The following is a brief excerpt from a speech given by Dr. Terry Nichols at the University of St. Thomas on March 3, 2014. Dr. Nichols is co-director of the Muslim-Christian Dialogue Center and has been a quiet giant in the community supporting dialogue and understanding between Muslims and Christians. For more information on Dr. Nichols or the Dialogue Center, click here. To read the full speech, click here.
Good Evening! My lecture tonight concerns the hope of Muslim Christian dialogue, and perhaps the best place to start is to clarify what we mean by Muslim Christian dialogue. In fact, there are several forms of dialogue. The document Dialogue and Proclamation, issued by The Pontifical Council for Interreligious Dialogue in 1991, lists four types of dialogue. They describe these as follows:
“The dialogue of life, where people strive to live in an open and neighborly spirit, sharing their joys and sorrows, their human problems and preoccupations. The dialogue of action, in which Christians and others collaborate for the integral development and liberation of people. The dialogue of theological exchange, where specialists seek to deepen their understanding of their respective religious heritages, and to appreciate each other’s spiritual values. The dialogue of religious experience, where persons rooted in their own religious traditions, share their spiritual riches, for instance with regard to prayer and contemplation, faith and ways of searching for God or the Absolute.”
IARP co-founder Sami Rasouli is both Iraqi and American. Since 2004 he has worked to heal the wounds of war and transform a legacy of violence in his home country of Iraq into one of reconciliation. Author Burt Berlowe tells his story in an article on CommonDreams.org, “From ‘Shock and Awe’ to ‘Mission Accomplished’ — The Journey of an Iraqi-American Peacemaker.”
Join investigative journalist Greg Barrett on Thursday, February 21 for a presentation on his new book, The Gospel of Rutba: War, Peace and the Good Samaritan Story in Iraq (Orbis Books, 2012). The book begins with the story of Iraqi Muslims rescuing seriously injured American Christians Peacemakers and nursing them back to health during the 2003 “shock and awe” bombings.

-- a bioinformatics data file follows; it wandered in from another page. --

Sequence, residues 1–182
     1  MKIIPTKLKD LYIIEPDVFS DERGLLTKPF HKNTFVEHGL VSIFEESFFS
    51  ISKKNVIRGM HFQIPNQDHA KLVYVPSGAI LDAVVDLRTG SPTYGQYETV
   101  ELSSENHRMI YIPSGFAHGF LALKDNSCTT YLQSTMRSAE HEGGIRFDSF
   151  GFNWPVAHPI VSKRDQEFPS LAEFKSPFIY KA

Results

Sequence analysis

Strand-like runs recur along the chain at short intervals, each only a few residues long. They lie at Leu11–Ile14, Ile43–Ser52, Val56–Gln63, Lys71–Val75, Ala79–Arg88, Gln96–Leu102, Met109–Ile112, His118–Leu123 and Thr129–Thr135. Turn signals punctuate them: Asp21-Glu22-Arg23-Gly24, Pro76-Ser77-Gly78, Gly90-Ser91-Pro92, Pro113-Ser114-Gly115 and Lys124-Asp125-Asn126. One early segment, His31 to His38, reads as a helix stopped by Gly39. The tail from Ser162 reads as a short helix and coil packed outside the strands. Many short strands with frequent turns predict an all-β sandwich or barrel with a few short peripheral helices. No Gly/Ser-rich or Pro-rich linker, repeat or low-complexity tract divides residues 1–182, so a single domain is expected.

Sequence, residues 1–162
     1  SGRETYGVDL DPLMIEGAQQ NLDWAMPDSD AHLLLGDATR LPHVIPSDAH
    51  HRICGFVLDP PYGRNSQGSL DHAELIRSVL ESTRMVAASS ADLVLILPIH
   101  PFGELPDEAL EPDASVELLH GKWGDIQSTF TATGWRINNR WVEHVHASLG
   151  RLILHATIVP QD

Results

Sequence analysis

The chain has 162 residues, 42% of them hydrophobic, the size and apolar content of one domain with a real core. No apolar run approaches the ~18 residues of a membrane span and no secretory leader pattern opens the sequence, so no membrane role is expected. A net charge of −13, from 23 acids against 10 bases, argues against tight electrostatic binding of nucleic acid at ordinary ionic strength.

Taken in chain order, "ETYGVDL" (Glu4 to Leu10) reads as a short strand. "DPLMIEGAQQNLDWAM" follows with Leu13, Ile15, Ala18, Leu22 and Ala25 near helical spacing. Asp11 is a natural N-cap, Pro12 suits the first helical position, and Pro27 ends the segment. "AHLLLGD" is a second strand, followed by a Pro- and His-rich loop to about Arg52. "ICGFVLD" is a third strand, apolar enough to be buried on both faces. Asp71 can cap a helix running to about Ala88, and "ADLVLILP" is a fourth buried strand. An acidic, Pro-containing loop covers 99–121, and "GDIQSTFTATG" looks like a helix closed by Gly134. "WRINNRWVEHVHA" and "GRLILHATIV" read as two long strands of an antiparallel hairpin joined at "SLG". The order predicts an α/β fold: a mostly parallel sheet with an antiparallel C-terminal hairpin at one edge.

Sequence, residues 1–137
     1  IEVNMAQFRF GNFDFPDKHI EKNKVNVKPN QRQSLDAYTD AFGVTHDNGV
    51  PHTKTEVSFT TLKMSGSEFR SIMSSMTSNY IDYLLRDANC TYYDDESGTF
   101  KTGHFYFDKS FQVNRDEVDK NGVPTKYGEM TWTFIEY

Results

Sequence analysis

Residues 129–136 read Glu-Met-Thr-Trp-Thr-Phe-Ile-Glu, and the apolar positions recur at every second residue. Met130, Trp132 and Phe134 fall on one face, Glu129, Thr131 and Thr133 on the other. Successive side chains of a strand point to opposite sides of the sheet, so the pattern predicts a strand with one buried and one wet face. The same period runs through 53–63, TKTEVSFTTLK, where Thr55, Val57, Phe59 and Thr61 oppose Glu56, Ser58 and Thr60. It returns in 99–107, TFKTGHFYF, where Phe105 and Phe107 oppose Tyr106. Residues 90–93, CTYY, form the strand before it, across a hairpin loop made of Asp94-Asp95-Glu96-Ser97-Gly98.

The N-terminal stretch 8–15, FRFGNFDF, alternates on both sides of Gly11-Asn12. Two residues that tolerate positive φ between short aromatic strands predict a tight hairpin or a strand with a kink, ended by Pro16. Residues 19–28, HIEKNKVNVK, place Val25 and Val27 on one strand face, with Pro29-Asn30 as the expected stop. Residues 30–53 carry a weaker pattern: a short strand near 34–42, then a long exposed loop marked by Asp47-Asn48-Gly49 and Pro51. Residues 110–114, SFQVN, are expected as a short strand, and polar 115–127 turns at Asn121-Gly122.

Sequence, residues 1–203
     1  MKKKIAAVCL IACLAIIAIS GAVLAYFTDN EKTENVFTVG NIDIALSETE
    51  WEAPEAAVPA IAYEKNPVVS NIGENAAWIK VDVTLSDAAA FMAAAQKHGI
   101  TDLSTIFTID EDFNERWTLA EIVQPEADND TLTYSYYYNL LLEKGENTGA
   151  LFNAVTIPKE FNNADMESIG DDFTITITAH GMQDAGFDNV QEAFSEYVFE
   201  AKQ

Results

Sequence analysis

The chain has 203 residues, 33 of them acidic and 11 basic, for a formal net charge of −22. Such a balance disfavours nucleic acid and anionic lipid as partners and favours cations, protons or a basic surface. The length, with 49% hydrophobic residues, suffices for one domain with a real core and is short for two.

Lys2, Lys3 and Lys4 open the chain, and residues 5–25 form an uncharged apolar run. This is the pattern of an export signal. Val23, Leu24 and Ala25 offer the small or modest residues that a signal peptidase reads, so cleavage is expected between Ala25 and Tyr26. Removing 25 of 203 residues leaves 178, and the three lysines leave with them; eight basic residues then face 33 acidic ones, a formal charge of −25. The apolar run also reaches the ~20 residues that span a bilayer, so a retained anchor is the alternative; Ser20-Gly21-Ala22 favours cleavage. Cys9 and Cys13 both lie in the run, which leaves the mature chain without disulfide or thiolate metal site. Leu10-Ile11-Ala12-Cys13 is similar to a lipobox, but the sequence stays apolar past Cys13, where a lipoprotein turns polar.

The TC Daily Planet featured our upcoming reception with Minneapolis Iraqis and veterans who have made books and videos about their experiences with the Iraq War:
Luke Wilcox of the Iraqi and American Reconciliation Project told TCDP about the January 24 reception for U.S. vets and Iraqi refugees who told their stories through the Veterans Book Project. The reception will be 7-9 p.m. at the University of St. Thomas Opus College of Business, Schulze Hall Atrium, 1000 LaSalle Ave, Minneapolis, MN 55403.
The following is an excerpt of an article by Cathy Breen on antiwar.com. Cathy works with Voices for Creative Non-Violence and is a Catholic Worker at Mary House in New York City. She lived in Iraq prior to the U.S. invasion in 2003 and during the occupation.
“It is not written in our hearts, it is carved in our hearts.” I awoke this morning still shaken with these words in my head.
Yesterday I was in Ramadi and Fallujah. Instead of bringing a message of caring, of empathy for their suffering and a desire for peace, my presence as someone from the U.S, seemed to open wounds that are unfathomably deep.
An article on the Imam Hussein Holy Shrine’s website covered a recent visit by an IARP delegation:
By Mohammed Jassim
“An American delegation visited Imam Hussein holy shrine on 18-Nov-2012. The head of the delegation who is a history teacher Mrs. Kathy McKay said in an interview with media of Imam Hussein holy shrine, ‘the focus of our trip is to visit the holy shrines in Najaf and Kerbala’ cities.’
Mrs. McKay also mentioned that they are representing the Non-Governmental Organizations in Iraq, and members of the Iraqi & American Reconciliation project. They are involved in some projects of providing schools with water purification stations in Najaf city.
All the delegation members expressed their admiration of the sense of holiness which pervades whoever comes to visit and makes them premeditate the Prophets (p.b.u.t) and the great figures whom supported divine religions such as Islam and Christianity.”
KFAI radio interviewed IARP board member Steve Clemens on October 5, 2012 on its “Politics and Culture” program. To listen to the interview, select the listen now button here. The interview runs from 7:12 until 26:55.
On October 8, TC Daily Planet printed a speech by Clemens he gave at a protest rally against the war in Afghanistan. To read the speech, “Why I march against the war in Afghanistan,” click here.
Clemens says, “My anger is less directed at President Obama than at the system within which most of our political leaders are (willingly) trapped: a system of hegemony and domination supported by a military system which is more predatory than protective. Our political leaders like to think they are ‘protecting the American Way of Life’ when, in reality, they are promoting a predatory system of corporate domination which seeks to continue the profligate pattern of American over-consumption protected at gun-point.”
“Politics and Culture,” October 5, 2012: http://kfai.org/node/31732.
Please join us for this informative upcoming event:
The Innocence of Muslims with Speaker Imam Makram El-Amin
Wednesday, October 3
Anderson Student Center, 378B
University of St. Thomas, St. Paul Campus
Why do Muslims react to the depiction of Prophet Muhammad? Why can’t the Prophet Muhammad be depicted?
These questions and many more will be answered by Imam Makram El-Amin. You will also be able to ask any questions.
IARP volunteer and University of Minnesota student Anna Kaminski was featured recently in the TC Daily Planet:
University of Minnesota student Anna Kaminski connects education, trash collection and passion for human rights